Ramos said she was happy enough in Miami. But when someone alerted her to DeKalb’s opening, she stashed the printout under her keyboard and looked at it every few days. Inspired in part by one of her sons’ own departure from Miami, she decided she was game for a new challenge.

She was one of 105 applicants and four eventual finalists for the job.

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DeKalb police Chief Mirtha V. Ramos, who started in November, discusses her first couple months on the job, her background and her vision for the department, at the DeKalb Police Headquarters in Tucker, Georgia, on Friday, Jan. 17, 2020.(Photo/Rebecca Wright for the Atlanta Journal-Constitution)

DeKalb police Chief Mirtha V. Ramos, who started in November, discusses her first couple months on the job, her background and her vision for the department, at the DeKalb Police Headquarters in Tucker, Georgia, on Friday, Jan. 17, 2020.(Photo/Rebecca Wright for the Atlanta Journal-Constitution)

caption arrowCaption
DeKalb police Chief Mirtha V. Ramos, who started in November, discusses her first couple months on the job, her background and her vision for the department, at the DeKalb Police Headquarters in Tucker, Georgia, on Friday, Jan. 17, 2020.(Photo/Rebecca Wright for the Atlanta Journal-Constitution)

‘More than money’

In her first few months on the job, Ramos has made it a mission to be everywhere at once: roll calls, community meetings, court intervention programs. She said she gets about five hours of sleep a night.

While much of Ramos' bigger picture focus has been on trying to reduce DeKalb's homicide rate — which includes searching for trends that fed 2019's historic count of 125 — there's no shortage of other issues to confront.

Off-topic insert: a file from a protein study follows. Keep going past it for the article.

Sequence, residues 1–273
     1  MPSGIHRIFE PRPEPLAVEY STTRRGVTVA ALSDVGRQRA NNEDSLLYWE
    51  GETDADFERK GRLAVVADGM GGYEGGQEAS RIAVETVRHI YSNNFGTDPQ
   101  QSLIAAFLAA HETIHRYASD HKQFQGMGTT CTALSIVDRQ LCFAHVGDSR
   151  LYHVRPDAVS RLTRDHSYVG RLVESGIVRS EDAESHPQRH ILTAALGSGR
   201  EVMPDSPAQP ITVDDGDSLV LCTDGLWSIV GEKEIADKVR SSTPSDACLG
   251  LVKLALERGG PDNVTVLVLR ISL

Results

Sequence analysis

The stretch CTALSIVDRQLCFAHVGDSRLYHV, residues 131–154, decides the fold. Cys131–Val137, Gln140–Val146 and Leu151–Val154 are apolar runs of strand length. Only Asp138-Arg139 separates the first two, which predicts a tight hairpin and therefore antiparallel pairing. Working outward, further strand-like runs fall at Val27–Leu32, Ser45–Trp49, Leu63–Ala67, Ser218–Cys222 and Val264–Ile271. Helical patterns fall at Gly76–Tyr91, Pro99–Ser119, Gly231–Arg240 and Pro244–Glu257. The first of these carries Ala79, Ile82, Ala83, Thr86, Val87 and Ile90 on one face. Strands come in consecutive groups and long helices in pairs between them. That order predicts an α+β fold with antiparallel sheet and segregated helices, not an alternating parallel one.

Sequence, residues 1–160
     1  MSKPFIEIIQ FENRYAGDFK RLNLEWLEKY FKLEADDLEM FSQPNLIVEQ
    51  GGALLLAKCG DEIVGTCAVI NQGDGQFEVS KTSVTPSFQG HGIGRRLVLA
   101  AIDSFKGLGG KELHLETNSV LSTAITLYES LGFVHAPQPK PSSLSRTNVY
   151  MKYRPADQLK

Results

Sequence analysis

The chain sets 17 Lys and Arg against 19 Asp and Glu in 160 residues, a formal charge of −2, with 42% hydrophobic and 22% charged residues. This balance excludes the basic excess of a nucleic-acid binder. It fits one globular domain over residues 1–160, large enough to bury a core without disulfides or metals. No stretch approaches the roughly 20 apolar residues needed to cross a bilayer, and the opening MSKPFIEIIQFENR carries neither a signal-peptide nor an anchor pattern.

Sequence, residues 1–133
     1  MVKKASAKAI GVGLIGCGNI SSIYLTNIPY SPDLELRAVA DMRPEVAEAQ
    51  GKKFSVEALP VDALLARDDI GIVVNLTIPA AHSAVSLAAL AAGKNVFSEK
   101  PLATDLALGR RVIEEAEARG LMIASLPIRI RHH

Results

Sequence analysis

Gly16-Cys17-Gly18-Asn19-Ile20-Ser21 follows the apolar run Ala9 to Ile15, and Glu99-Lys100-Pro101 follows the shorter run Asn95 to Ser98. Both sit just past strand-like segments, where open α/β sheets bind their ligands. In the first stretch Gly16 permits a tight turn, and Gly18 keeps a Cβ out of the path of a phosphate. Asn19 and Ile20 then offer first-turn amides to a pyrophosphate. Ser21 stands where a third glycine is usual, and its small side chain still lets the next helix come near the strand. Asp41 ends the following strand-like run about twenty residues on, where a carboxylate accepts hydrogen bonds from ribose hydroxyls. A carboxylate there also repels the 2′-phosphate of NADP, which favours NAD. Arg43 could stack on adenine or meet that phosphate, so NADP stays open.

According to information provided by the department, DeKalb PD hired 88 officers last year but saw a year-over-year net gain of just 26. At the start of this year, 107 of the department’s 820 budgeted positions for sworn personnel were unfilled.

There are about four dozen recruits in an academy class scheduled to graduate next month, officials said.

Under CEO Thurmond's proposed 2020 budget, police officers will be among the 2,300 public safety employees to receive a 4% raise. Ramos said that will help continue attracting new officers and keep existing cops happy.

But, she said, “sometimes we need more than money.”

Ramos said she’s expediting rifle training classes for officers after hearing concerns that they could be outgunned, literally, on the streets. She’s working to buy more heavy duty ballistic vests and provide more backup for patrol officers, with precinct-level investigators pulling road duty once a week.

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Members o the DeKalb County Police Department participate in a community roll call at the Wesley Center Square shopping center in Decatur, Wednesday, January 20, 2020. (ALYSSA POINTER/ALYSSA.POINTER@AJC.COM)

Members o the DeKalb County Police Department participate in a community roll call at the Wesley Center Square shopping center in Decatur, Wednesday, January 20, 2020. (ALYSSA POINTER/ALYSSA.POINTER@AJC.COM)

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Members o the DeKalb County Police Department participate in a community roll call at the Wesley Center Square shopping center in Decatur, Wednesday, January 20, 2020. (ALYSSA POINTER/ALYSSA.POINTER@AJC.COM)

With competing priorities all around, there’s a fine line to toe. Ramos is also pushing for more community-oriented policing, encouraging officers to get out of their cars and talk to people.

“She does a great job of pushing us to think outside of the box,” Assistant Chief Tony Catlin said.

Ramos is hoping the combination of those efforts and others will have a big impact — because there’s plenty of work to be done.

The gathering where the new chief spoke on Thursday was a “community roll call,” where officers report for their shifts in a public place in hopes of sparking community engagement and establishing their presence in an area.

Just a few hours after the event, several men got in a fight behind the Kroger store in the same Wesley Chapel Road parking lot where it was held, police said.

One of them shot another and fled.